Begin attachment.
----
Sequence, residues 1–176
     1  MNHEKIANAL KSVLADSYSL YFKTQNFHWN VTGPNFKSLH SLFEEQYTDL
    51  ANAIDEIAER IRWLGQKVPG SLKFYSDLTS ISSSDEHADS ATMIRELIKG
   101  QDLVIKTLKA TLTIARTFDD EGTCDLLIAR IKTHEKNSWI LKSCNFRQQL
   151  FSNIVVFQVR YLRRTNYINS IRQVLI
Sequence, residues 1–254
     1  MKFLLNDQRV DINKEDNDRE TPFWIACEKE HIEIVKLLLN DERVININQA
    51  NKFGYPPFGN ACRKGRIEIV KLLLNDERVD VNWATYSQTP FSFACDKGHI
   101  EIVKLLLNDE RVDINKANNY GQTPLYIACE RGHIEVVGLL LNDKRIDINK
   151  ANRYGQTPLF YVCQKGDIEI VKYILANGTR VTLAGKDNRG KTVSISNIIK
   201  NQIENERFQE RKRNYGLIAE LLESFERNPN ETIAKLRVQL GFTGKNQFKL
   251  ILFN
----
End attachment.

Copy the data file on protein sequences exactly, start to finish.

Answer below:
Sequence, residues 1–176
     1  MNHEKIANAL KSVLADSYSL YFKTQNFHWN VTGPNFKSLH SLFEEQYTDL
    51  ANAIDEIAER IRWLGQKVPG SLKFYSDLTS ISSSDEHADS ATMIRELIKG
   101  QDLVIKTLKA TLTIARTFDD EGTCDLLIAR IKTHEKNSWI LKSCNFRQQL
   151  FSNIVVFQVR YLRRTNYINS IRQVLI
Sequence, residues 1–254
     1  MKFLLNDQRV DINKEDNDRE TPFWIACEKE HIEIVKLLLN DERVININQA
    51  NKFGYPPFGN ACRKGRIEIV KLLLNDERVD VNWATYSQTP FSFACDKGHI
   101  EIVKLLLNDE RVDINKANNY GQTPLYIACE RGHIEVVGLL LNDKRIDINK
   151  ANRYGQTPLF YVCQKGDIEI VKYILANGTR VTLAGKDNRG KTVSISNIIK
   201  NQIENERFQE RKRNYGLIAE LLESFERNPN ETIAKLRVQL GFTGKNQFKL
   251  ILFN